The Marijuana Election
- All gun measures would tighten restrictions.
- All marijuana measures would increase access either for recreational or for medical use.
- Most measures would raise the minimum wage.
- I like everything about marijuana, you could say, except the being stoned part.
- Measures on marijuana, guns and the minimum wage tend to increase voting more than other kinds of proposals.
On Tuesday, voters in nine states will have the chance to loosen restrictions on pot.
@bud_breakfast: The #Marijuana #Election by @JennyBoylan
I must be the most maladapted pothead in Maine. Since 2013, I have had a Maine medical marijuana authorization card, for treating painful nerve damage in my elbows and hands. The thing is, though, I don’t actually like being high; it makes me feel a little sad, a little disengaged. I like everything about marijuana, you could say, except the being stoned part. Fortunately for me, the cannabis crème I use on my joints doesn’t mess with my head.
People use pot for plenty of reasons, both medical and recreational. On Tuesday, voters in nine states will have the chance to loosen restrictions on marijuana. Initiatives in Arkansas, Florida, Montana and North Dakota would legalize marijuana for medical use. These states would join 25 others, and the District of Columbia, in which people with certain conditions can legally purchase the drug. Here in Maine — as well as in Arizona, California, Massachusetts and Nevada — a ballot initiative asks if we should go further, and legalize adults’ recreational use of the drug.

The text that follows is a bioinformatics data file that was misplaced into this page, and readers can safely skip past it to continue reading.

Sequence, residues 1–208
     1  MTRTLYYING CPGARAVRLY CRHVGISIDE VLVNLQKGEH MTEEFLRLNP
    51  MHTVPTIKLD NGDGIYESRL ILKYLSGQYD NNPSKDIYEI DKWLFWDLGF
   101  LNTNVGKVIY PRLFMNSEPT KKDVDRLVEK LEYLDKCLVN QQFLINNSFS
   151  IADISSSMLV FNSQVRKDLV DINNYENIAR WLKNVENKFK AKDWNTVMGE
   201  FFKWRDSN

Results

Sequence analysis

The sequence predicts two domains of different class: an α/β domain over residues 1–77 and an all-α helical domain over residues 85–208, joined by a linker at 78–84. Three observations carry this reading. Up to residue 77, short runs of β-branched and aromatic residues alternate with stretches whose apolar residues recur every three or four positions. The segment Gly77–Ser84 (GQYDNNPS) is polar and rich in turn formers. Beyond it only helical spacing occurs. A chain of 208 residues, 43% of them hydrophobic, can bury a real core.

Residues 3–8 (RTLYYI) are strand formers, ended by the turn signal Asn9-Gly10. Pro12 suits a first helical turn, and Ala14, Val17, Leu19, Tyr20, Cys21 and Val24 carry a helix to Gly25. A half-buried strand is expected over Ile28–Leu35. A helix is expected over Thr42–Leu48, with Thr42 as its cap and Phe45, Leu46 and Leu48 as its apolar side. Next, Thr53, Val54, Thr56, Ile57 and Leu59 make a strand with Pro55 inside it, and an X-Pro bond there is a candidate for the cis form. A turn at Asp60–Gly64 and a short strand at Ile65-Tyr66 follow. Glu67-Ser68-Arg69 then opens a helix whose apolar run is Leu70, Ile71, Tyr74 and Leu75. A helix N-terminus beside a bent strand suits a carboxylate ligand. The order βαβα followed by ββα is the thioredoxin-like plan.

The initiatives range from California’s Proposition 64, which would allow for relatively unfettered recreational use for adults, to North Dakota’s Measure 5, which provides a limited blessing for usage by patients with very specific ailments: cancer, AIDS, hepatitis C, glaucoma and epilepsy, among others.
Voters in these states all share some of the same hopes and reservations about greater consumer access to cannabis. The reservations are no secret, and fear of increased drug use by minors is chief among them. But there are a lot of hopes, too — eliminating an unsavory black market and allowing the police to concentrate on more serious crimes, to name two. Also on the minds of plenty of voters, as well as their legislators, is that Colorado (which legalized cannabis in 2012) is expected to haul in more than $140 million in tax revenue from pot sales this year, double what was originally projected. Cannabis taxation would provide a steady stream of revenue to states strapped for cash.
Perhaps it’s my 1970s adolescence that has left me with the feeling that my use of cannabis, even for medical reasons, is somehow risqué. But things have changed since the days when I bought pot from fake health food stores on Amsterdam Avenue in Manhattan.
Now I buy from a shop in charming Gardiner, Me., inside the former train station. There are comfortable chairs and a case displaying edibles and tinctures and a wide variety of smokable strains, each one described in terms as careful and loving as those of an oenophile describing a Burgundy: Blue Dream is “piney and fruity in aroma and flavor, delivering clear cerebral effects with the sedative qualities of an indica.” I choose a balm that makes my joints feel better, even if it makes me smell like the balcony of the Fillmore East.
If the initiatives pass — and polls in Maine suggest ours will — millions of Americans are about to join me.